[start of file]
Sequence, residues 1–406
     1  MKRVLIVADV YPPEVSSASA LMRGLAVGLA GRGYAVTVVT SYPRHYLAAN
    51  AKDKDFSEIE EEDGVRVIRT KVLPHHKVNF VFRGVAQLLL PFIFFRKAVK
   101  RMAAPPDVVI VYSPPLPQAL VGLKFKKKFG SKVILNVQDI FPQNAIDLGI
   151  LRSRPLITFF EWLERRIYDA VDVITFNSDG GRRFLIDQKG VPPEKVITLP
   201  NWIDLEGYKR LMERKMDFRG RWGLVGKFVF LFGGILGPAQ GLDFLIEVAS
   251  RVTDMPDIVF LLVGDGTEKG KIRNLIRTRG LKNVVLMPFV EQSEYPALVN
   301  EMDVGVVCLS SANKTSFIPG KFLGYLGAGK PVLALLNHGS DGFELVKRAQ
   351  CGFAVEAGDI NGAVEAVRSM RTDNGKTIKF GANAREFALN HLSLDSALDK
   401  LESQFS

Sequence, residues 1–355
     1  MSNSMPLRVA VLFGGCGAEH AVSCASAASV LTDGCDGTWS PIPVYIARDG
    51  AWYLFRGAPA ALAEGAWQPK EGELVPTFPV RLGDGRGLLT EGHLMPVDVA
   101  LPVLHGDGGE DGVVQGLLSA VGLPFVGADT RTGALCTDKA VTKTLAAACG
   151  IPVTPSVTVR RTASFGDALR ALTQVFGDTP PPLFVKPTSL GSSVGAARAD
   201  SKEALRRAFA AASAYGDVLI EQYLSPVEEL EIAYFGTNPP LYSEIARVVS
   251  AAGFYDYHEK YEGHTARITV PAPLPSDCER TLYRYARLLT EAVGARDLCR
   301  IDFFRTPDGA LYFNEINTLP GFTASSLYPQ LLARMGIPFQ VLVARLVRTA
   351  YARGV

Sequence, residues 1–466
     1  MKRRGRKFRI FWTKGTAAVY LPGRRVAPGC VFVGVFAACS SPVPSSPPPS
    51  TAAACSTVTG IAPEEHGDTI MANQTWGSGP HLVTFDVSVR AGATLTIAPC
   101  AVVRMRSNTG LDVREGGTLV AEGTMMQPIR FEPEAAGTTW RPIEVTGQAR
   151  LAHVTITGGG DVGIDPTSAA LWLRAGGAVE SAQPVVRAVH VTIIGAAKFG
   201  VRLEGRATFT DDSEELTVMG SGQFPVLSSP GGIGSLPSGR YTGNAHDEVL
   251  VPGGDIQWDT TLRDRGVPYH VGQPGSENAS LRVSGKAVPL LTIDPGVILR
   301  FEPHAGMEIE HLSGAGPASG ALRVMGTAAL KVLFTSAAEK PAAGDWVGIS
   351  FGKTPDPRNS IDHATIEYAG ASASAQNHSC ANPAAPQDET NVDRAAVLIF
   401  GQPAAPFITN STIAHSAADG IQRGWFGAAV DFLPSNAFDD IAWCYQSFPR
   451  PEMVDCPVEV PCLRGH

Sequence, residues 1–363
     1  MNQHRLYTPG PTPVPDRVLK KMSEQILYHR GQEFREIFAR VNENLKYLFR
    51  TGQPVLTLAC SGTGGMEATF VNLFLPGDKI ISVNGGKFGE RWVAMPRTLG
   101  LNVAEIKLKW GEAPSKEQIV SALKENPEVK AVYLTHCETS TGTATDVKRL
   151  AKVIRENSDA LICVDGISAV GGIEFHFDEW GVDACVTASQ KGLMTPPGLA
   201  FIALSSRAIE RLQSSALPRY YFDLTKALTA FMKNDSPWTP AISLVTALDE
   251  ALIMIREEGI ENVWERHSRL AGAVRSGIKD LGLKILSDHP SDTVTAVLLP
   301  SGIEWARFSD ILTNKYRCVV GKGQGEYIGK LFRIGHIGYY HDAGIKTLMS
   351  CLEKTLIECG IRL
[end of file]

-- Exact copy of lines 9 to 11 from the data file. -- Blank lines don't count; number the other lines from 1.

   351  CGFAVEAGDI NGAVEAVRSM RTDNGKTIKF GANAREFALN HLSLDSALDK
   401  LESQFS

Sequence, residues 1–355